“The new government PIV card has a contactless interface, which, basically will get you into several pieces, including the CHUID (the unique ID number), and it can be read by any ISO 14443 reader,” he says.

“It’s called the ‘leech-and-ghost theory,’” says Mr. Augustinowicz, noting that a handful of white papers have been written on such topics. “It’s pretty realistic.”

Mr. Augustinowicz refers to section 2.4 of the FIPS 201-1 publication, which states: “Ensure that technologies used to implement PIV sustain and do not erode privacy protections relating to the use, collection and

“Our sleeves are made with a special laminate material that contains a shielding layer and several other layers that make it very durable and tear and water resistant as well as printable.” - Mr. Walt Augustinowicz 50

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disclosure of information in the identifiable form. Specifically, employ an electromagnetically opaque sleeve or other technology to protect against any unauthorized contactless access to information stored on a PIV credential.”

durable and tear and water resistant as well as printable,” Mr. Augustinowicz continues. “The shielding layer forms a faraday cage around the card preventing the electromagnetic energy necessary to power the chip from reaching it.”

But whether federal agencies will embrace added security and the notion that such sleeves are a necessity remains to be seen. Factors that will influence such decisions include perceived threat and cost.

Randy Vanderhoof, Executive Director of Smart Card Alliance, says the notion of adding a protective sleeve to a contactless card came up for discussion when the government was planning for the new electronic passports, which use contactless technology.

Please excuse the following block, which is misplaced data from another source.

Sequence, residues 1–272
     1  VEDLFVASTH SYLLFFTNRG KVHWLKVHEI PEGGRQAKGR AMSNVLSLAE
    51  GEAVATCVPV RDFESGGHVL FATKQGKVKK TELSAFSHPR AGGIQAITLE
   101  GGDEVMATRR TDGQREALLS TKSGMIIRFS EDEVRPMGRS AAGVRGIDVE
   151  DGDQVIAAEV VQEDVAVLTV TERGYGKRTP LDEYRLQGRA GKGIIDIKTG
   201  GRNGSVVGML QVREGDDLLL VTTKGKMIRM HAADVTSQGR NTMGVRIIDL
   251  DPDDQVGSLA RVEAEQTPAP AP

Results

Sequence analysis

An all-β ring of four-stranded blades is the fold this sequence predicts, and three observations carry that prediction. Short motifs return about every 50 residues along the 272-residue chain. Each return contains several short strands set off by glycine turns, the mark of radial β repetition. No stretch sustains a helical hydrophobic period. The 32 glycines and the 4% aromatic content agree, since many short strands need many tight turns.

The company is submitting technical specs to the National Institute of Standards and Technology (NIST) for testing to receive a listing on the FIPS 201 approved products list.

A 170-year old physics experiment lives today in the Farraday cage The sleeves works on the Faraday cage principle, notes Mr. Augustinowicz. According to online resource Wikipedia, a Faraday cage is an enclosure designed to exclude electromagnetic fields. It is an application of Gauss’s law which describes the distribution of electrical charge on a conducting form, such as a sphere or a plane. Intuitively, since like charges repel each other, charge will “migrate” to the surface of the conducting form. In the case of the smart card sleeve, its ‘cage’ routes the external RF field away from the contactless antenna inside. The application is named after physicist Michael Faraday who built the first Faraday cage in 1836 to demonstrate his finding.

The passport sleeve is not required by any spec, says Mr. Augustinowicz, noting that the new U.S. passports have an anti-skimming mesh embedded in the top cover. It operates on a similar principle to the cage, relying on a metal mesh to shield the antenna from an external RF field. For FIPS 201 PIV cards, Mr Vanderhoof says he hasn’t heard a lot of lengthy discussion or debate about such sleeves, though the issue has come up at conferences and meetings. He stresses that the new ID cards contain “the most secure card specification that’s ever been created for implementation of an ID card.”

There’s another issue, technology aside. Even if an agency were to use electromagnetic sleeves, employees might not care. “(Many) people who are issued a sleeve by federal agencies would probably toss it in the drawers and not use it after they are issued their cards,” Mr. Vanderhoof says. Still, there is, technically, an opportunity for someone to know there is some limited data on a card using an RF reader. Even though you can’t pick up the data, you can technically use an antenna to learn that someone is holding a PIV government card. And there are all sorts of scenarios for why someone would want to know you’re a government employee. “There’s folks whose job it is to look at worse case scenarios for government applications,” says Mr. Vanderhoof, “and the industry has to respond to that and it has.” But if interest in the Secure Sleeve and related products is an indication, the concern – real or imagined – continues to exist.

Furthermore, the new PIV cards will be dualinterface, containing both a contact and a contactless interface. The contactless interface is most often used for physical access, and is read by a contactless reader. The contact interface will be required to access the biometric component for authentication processes, to validate that the card is being held by the appropriate user. Most agree, however, that though the biometric may be required for physical access in certain situations,